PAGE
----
The catalyst employed in the process of our invention is a dual functional catalyst comprised of a hydrogenating component on a cracking carrier. Suitable catalyst includue metalliferous hydrogenating components selected from the group consisting of Group VI and Group VIII metals, their oxides and sulfides supported on a carrier having cracking activity. Suitable carriers include those having an AI of at least about 15. Carriers having an AI which is comparatively high, e.g., greater than about 60, are also quite satisfactory. Conversely, we have found that in some employments carriers having an AI of less than about and even less than about 18 can be utilized satisfactorily. Illustrative of these catalysts are those containing a plurality of hydrogenating components such as combinations of nickel, cobalt and molybdenum; nickel and tungsten; cobalt and molybdenum, etc. supported on refractory metal oxide carriers. Suitable carriers can be comprised of a single oxide or a plurality of such oxides, e.g., alumina, silica-alumina, silica-magnesia, silica-zirconia, silica-alumina-magnesia, etc. We have found a catalyst comprised of nickel and tungsten hydrogenating components supported on a silica-alumina carrier to be quite satisfactory. Additionally, all of these catalyst can be promoted by the addition thereto of a small quantity of halogen in the range from about 0.1 to about 10% by weight based on the total catalyst, and preferably from about 1 to about 4% by weight based upon the total catalyst. We prefer to employ a catalyst containing from about 1 to 3% by weight based on the total catalyst of fluorine.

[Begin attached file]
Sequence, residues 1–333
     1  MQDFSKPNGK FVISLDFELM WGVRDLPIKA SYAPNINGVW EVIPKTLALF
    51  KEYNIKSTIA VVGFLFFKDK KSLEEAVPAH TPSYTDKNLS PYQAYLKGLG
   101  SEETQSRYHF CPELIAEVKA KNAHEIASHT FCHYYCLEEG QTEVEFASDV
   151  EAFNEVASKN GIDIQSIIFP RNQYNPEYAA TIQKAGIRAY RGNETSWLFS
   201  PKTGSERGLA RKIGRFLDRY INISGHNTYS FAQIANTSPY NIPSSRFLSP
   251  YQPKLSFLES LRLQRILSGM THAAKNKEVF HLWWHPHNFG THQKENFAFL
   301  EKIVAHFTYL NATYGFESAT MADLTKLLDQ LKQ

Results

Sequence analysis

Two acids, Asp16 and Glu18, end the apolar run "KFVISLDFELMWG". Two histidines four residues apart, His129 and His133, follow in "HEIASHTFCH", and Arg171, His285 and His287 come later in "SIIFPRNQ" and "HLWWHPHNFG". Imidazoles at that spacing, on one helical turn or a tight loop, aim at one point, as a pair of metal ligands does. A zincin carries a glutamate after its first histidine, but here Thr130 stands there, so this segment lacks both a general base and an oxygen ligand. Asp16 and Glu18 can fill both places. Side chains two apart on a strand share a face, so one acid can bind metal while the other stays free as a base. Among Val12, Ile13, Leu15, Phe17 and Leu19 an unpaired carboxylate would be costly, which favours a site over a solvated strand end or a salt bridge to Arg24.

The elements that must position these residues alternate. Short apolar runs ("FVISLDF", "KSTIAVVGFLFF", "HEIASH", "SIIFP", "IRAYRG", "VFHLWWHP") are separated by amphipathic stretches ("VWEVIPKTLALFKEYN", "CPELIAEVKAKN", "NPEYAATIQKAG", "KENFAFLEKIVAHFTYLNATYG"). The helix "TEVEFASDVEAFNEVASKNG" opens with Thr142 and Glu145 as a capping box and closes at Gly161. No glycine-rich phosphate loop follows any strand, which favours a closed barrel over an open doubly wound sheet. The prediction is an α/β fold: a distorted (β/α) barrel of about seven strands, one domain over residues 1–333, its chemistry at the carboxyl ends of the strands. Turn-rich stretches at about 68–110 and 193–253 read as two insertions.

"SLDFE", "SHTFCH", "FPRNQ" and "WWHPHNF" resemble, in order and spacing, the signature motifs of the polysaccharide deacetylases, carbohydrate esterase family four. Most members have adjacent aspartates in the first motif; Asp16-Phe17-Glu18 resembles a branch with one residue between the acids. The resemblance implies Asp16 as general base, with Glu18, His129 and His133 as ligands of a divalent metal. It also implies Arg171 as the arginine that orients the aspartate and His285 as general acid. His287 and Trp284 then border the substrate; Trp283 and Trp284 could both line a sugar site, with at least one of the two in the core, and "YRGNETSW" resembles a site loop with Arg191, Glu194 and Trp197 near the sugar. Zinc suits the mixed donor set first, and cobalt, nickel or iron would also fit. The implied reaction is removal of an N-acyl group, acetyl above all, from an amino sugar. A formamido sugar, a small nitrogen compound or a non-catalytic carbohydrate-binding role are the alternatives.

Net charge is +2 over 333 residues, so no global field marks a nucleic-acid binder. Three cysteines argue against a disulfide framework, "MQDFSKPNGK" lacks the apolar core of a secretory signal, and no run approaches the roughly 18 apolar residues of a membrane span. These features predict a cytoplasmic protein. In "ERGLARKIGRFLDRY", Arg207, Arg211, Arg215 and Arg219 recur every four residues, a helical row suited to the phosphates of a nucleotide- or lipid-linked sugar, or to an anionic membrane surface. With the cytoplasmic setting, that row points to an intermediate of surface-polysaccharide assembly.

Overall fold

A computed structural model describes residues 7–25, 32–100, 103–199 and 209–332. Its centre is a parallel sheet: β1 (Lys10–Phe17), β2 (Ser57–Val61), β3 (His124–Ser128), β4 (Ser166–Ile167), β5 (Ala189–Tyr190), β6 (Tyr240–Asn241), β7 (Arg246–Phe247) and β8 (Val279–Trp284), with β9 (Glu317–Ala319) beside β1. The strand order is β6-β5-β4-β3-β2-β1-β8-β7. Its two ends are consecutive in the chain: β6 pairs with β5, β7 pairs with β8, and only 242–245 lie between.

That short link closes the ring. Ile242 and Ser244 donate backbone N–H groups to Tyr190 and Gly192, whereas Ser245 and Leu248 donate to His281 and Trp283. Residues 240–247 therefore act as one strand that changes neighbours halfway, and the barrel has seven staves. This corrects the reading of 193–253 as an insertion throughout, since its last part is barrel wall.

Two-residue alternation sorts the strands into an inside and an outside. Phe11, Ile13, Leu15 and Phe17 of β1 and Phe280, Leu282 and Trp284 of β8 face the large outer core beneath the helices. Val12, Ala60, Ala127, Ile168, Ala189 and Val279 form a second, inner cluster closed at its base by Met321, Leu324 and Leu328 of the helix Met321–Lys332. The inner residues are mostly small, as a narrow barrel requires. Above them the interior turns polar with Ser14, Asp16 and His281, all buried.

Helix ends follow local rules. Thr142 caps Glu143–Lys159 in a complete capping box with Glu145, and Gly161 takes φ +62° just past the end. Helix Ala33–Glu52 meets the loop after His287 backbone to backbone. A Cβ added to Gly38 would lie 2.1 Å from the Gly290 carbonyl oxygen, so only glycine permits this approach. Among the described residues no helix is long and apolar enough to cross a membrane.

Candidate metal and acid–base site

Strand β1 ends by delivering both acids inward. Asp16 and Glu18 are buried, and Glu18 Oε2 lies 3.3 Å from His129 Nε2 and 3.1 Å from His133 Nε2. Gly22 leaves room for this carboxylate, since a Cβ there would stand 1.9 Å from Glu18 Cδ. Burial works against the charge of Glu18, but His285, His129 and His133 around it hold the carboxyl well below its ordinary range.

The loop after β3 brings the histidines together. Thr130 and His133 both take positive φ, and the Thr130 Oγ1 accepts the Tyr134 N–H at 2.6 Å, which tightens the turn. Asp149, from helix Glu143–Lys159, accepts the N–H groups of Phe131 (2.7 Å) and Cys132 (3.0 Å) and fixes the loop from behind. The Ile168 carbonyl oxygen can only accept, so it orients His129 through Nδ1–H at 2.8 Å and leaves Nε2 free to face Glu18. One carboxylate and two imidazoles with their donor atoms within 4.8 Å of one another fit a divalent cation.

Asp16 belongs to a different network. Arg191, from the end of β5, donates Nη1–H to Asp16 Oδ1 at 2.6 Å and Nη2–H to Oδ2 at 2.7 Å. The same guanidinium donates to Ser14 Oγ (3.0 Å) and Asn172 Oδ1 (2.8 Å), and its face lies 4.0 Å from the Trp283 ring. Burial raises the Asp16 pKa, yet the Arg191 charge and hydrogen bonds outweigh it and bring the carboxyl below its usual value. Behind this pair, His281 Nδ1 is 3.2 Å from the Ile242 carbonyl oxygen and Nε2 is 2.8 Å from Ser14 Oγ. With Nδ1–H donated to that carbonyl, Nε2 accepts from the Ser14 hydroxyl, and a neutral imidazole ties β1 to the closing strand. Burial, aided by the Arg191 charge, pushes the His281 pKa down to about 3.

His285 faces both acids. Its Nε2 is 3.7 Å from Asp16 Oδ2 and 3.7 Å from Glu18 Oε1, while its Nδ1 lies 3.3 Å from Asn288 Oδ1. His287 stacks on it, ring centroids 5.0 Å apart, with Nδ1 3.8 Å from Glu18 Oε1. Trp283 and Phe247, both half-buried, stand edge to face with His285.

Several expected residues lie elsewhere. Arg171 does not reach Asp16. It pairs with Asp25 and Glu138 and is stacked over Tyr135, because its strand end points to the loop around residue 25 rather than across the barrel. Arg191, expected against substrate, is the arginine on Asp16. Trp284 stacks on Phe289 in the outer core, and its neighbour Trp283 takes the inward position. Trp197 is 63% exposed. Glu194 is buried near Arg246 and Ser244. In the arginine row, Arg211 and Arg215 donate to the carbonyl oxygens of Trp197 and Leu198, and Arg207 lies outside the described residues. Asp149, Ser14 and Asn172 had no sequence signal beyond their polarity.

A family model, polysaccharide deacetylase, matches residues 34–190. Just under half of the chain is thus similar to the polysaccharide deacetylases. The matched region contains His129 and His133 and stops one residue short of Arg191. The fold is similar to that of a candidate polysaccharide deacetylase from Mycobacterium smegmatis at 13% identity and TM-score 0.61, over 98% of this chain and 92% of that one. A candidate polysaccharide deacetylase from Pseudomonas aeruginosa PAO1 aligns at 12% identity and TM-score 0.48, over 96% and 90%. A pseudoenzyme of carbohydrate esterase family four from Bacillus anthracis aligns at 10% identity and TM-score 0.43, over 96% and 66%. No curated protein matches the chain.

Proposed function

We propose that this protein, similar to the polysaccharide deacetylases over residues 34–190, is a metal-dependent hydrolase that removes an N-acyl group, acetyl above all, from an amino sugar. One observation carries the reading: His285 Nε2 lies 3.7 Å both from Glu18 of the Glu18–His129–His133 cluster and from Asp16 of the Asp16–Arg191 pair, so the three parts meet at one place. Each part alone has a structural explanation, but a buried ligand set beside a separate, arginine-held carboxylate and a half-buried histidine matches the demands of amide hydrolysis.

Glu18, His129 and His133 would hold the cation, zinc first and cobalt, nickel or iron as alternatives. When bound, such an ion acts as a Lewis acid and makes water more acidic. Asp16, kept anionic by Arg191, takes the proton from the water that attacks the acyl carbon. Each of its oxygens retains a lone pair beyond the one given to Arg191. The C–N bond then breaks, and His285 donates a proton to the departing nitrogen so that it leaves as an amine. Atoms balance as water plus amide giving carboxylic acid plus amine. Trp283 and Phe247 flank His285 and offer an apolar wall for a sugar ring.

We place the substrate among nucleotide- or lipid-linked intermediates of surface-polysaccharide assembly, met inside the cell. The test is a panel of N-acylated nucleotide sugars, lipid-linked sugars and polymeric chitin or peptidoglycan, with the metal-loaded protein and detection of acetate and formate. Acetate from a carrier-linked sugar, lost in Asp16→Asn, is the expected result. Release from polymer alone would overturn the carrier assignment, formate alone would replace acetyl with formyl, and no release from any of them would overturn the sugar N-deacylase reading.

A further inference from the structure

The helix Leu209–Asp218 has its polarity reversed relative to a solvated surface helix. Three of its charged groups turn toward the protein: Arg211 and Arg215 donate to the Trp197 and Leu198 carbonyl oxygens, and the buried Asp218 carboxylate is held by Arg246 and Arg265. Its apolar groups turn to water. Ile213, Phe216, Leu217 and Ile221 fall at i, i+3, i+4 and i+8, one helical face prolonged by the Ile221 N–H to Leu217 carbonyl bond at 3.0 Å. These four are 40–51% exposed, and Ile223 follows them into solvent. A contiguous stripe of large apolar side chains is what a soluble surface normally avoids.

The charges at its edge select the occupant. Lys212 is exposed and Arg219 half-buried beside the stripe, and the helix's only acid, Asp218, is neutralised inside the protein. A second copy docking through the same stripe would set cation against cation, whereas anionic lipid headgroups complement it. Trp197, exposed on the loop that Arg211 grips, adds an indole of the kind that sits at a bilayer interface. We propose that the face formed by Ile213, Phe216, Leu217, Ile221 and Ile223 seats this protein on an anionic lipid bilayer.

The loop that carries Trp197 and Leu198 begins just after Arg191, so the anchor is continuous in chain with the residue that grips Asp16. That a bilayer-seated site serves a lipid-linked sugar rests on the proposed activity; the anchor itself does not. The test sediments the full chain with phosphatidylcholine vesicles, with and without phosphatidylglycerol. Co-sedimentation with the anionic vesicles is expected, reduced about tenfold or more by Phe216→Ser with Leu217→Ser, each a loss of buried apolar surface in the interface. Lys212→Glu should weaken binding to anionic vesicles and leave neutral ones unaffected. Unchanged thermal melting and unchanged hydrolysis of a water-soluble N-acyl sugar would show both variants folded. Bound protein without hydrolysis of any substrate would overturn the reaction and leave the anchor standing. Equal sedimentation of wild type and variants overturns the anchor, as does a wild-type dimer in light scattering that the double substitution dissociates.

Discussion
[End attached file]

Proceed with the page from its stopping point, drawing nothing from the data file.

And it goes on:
The operating conditions employed in the hydrotreating operation in accordance with our process include a temperature in the range from about 650 to about 900 F., preferably from about 700 to 850 F. and particularly from about 725 to about 825 F.; a pressure (hydrogen partial pressure) in the range from about 2,000 to about 10,000 p.s.i.g. and preferably in the range from about 2,500 to about 5,000 p.s.i.g.; a liquid hourly space velocity (LHSV) in the range from about 0.1 to about 10 and preferably from about 0.5 to about 5.0 volumes of crude lubricating oil feed stock per volume of catalyst per hour, and a hyrogen feed rate in the range from about 2,000 to about 10,000 standard cubic feet per barrel (s.c.f./b.) and preferably in the range from about 3,000 to about 6,000 s.c.f./b. It is not necessary to employ pure hydrogen gas in this operation but it is desirable to maintain a hydrogen purity of at least 50% by volume. Thus, impure hydrogen streams of the type generally found in a refinery such as, for example, reformer off-gas, containing from 70 to 90 by volume hydrogen are quite satisfactory.